You want to cut a hole big enough to allow the fan to blow the most air it can into the bucket without actually falling into the bucket. My 10 gallon bucket’s lid was a little over 13-inches in diameter inside the rim, so I bought a basic 11-inch desk fan from Amazon, which, conveniently, was 12-inches wide with the fan guard.
The easiest way to trace the piece to cutout of the lid is to push a drill bit in the lid then use a piece of string and a pencil like a compass. Once the outline is traced, make a hole at the edge of the line, pop your hacksaw blade through the hole and follow your line with your saw to cut the opening.
Step 5 – Try it out
The bucket AC works best with there are no obstructions in front of the pipe outlets. You can see from the photo I put mine in the center of the family room where the air would distribute freely. (Then I put it up on a plant stand, because one of our dachshunds looked like he really wanted to mark it as his.)
Once it’s in place, put the jugs of chilled water in the center bucket (I can fit two in mine), flip the fan face down on the bucket lid and turn it on. Viola! Conditioned air!
Is it possible to keep the house cool in a triple digit heat wave with a bucket air conditioner?
Our usual strategy in a heatwave is to leave with the windows and doors open at night to let in the cool air, then close the house up in the morning before it starts to heat up. With just a couple of circulation fans, we can usually keep the temperature below 80 degrees until noon. By mid-afternoon indoor temps creep into the mid-80s and don’t start coming down again until it cools off at sunset.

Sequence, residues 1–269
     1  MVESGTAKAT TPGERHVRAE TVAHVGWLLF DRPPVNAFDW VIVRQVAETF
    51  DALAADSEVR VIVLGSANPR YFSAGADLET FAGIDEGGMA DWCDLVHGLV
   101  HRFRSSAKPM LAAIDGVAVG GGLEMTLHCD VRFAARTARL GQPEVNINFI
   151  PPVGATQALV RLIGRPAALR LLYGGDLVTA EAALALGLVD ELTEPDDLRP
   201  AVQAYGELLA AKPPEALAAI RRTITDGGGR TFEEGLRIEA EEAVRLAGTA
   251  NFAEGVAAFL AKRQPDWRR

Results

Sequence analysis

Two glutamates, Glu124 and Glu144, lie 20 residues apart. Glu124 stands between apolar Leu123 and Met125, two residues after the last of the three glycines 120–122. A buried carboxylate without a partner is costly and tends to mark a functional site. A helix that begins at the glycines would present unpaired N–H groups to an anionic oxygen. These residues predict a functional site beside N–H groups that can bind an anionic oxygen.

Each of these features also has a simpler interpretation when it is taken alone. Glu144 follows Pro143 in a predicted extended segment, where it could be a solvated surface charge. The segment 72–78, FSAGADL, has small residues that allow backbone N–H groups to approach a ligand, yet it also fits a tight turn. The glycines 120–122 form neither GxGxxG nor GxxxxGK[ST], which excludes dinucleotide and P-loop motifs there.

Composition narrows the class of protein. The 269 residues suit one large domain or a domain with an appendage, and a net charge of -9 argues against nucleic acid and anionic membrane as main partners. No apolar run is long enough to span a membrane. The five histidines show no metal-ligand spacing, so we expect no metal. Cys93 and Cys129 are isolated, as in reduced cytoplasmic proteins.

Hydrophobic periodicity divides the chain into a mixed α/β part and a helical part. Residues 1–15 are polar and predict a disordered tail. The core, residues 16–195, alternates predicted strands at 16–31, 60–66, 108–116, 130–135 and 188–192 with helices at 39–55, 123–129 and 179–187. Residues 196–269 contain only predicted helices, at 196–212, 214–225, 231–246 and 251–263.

The first day we tested the bucket AC it was around 70 degrees at 7am but it was expected to reach the high 90s by noon. It hit 80 degrees a little after 8am (hello sunshine) and we followed the usual protocol, closing the doors and windows. Then I switched on the bucket and let it run.
As you can see from the nearby photo, 30 minutes before noon the outside temperature was heading for 100 degrees while the indoor temp had moved a mere 2 degrees. Better yet, that weather station is near the front door in the living room, a good 35 feet from the bucket, which meant the whole front section of the house was similarly comfortable.
We managed to ride out the 5 days of that heatwave with the indoor temperature never climbing above 82 degrees, which is pretty good results for an AC unit built out of buckets, water jugs and a desk fan. It definitely works and works well.
It’s not so much about the cooling, as it is slowing the heating.
In my system, two gallons of water chilled down to 40 degrees reaches room temperature — whatever that is, 70, 72, or 80 degrees — in a little over 2 hours. The room temperature never falls, so it’s not cooling it, it’s just slowing the rate it gets hotter. Without the bucket AC the indoor temperature rose about 2 degrees an hour. With it, it rises at less than 1 degree every 2 hours. As a result, if I want the room to still be a warm (but comfortable) 78 degrees in the late afternoon, I need to make sure the room is as cool as possible in the morning and be ready to fire up the bucket AC as soon as the outdoor temps start to rise.
That said, the $20 I spent on the fan and the afternoon I spent putting the bucket air conditioner together were well worth it. Even if it looks like R2D2 with battleship guns, it does a pretty good job at keeping the family areas of the house comfortable, and it’s way less noisy and expensive than my old beast AC.